I have to stop making the defenceless public responsible for all the tastelessness that they don't want to represent themselves but think is commercially viable. Fortunately, the film industry is not the only one that advertises through posters. Other industries do it too, and with undeniable success. And these industries, which do not want to advertise a cultural asset, but a cigarette or toothpaste, use impeccable, sometimes even artistically high-quality posters. And they don't do badly. The same audience that willingly follows these tasteful posters is suddenly supposed to narrow the focus of the film to turn-of-the-century trash? It is defenselessly exposed to this suspicion.

All attempts to prove this notorious public taste do not stand up to scrutiny. If a distributor has a good poster and a disputable, even kitschy, gaudy, overloaded poster produced for the same film, and the bad poster is demanded by the theatre owners, while the good one is left lying around, then the theatre owners and the advertising agents are responsible for this and not the audience, which has not been asked and cannot be asked.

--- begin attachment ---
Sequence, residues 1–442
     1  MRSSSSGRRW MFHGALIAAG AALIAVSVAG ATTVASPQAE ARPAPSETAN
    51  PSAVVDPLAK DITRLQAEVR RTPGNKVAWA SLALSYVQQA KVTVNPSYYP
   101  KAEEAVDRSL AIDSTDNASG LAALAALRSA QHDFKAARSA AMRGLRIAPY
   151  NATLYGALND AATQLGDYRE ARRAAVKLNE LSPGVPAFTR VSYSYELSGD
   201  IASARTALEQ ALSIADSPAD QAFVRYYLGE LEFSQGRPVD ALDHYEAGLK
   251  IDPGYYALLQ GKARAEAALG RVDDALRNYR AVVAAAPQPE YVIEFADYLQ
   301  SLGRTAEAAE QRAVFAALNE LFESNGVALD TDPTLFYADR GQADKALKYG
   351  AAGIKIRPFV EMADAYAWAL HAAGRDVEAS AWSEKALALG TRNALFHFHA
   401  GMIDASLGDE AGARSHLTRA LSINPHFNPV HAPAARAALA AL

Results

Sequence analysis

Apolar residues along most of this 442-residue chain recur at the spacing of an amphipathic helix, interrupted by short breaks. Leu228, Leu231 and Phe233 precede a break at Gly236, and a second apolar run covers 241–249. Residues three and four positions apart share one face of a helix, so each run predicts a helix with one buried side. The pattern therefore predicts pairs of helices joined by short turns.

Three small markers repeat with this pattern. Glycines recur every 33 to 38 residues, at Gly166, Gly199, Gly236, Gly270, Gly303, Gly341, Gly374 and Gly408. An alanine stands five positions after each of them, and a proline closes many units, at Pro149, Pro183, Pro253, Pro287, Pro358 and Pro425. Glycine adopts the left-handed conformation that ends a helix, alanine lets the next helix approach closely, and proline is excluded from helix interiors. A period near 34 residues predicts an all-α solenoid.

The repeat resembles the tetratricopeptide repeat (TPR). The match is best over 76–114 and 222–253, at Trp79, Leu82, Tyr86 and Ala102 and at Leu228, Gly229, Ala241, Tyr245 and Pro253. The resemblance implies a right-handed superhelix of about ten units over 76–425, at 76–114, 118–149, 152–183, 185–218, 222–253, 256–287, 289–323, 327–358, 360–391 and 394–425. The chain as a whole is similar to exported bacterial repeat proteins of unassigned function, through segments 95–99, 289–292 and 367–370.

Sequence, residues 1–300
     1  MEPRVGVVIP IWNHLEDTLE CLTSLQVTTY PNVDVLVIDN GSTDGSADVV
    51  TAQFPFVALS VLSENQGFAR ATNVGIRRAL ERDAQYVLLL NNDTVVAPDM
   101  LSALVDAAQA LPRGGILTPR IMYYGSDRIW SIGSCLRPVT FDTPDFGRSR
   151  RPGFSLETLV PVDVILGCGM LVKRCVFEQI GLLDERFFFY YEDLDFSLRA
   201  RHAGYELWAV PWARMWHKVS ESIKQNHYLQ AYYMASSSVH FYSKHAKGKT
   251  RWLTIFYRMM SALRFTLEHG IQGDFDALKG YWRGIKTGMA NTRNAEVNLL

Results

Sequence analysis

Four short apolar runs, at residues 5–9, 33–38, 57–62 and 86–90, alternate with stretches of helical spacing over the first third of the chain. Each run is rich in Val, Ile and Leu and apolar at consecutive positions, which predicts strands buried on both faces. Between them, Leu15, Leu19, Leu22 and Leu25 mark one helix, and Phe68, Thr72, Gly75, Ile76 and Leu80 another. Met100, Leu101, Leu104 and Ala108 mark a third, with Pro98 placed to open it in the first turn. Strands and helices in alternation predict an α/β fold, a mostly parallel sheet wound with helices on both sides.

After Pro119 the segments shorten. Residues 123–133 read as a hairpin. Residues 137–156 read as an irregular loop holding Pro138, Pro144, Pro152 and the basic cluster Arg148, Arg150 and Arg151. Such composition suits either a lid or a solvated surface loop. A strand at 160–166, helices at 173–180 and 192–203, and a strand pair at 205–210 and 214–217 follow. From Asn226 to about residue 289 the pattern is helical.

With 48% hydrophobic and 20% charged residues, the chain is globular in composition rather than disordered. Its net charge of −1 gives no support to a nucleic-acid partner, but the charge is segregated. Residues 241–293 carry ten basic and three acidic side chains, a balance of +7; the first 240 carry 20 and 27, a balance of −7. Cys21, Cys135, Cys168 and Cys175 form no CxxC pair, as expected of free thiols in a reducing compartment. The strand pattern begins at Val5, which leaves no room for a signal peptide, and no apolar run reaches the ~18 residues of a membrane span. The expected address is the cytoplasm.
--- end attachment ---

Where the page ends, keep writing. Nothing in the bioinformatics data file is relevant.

But one thing must also be said to justify the men in the film theatre practice: We can't do anything with posters that pay for their unassailability with boredom, which clearly show that those responsible for them have renounced every bold composition, every enticing colour, every attempt at film interpretation out of fear of their own courage. Water soups don't spoil anyone's stomach, but they don't taste good either. And a poster should taste good, namely to the eyes of the visitor to be woven. Art and effectiveness must be brought to a common denominator. Even if it costs more, much more time and money than before.

There are films for which it is a pleasure to propose and draw posters and those whose plot and title give advertisers no good ideas. Usually this is a bad omen for the film. If the advertising experts, who know all the tricks of the trade, don't know what to do with a film, the audience usually feels the same way.

This starts with the title. If a title is colourless and meaningless or bears no intrinsic relation to the film's action, this is the first thing that comes to light when the advertising material is produced.

Tidbits for the advertising manager are film titles that outline the content and mood of a film without giving away details. These include proper names such as The "Three Codonas".,"The Rothschilds," "Bismarck" and similar. But titles such as "Opera Ball", "Motherly Love", "The Paradise of Bachelors", "The Model Husband" or "My Daughter Won't Do That" also have a chance in their favour from the outset, which can also be used in the poster.

Private names as film titles can be suitable for posters if they are to be illustrated with well-known stars. So Paula Wessel as "Maria Ilona", Jenny Jugo as , "Anette". Brigitte Horney as "Anna Favetti". Connections such as Willy Birgel - "The Governor" , Emil Jannings - "Robert Koch", Hans Alber - "Trenck", Heinrich George - "The Postmaster,” Ilse Werner- "Fräulen" are also to be portrayed in an effective way.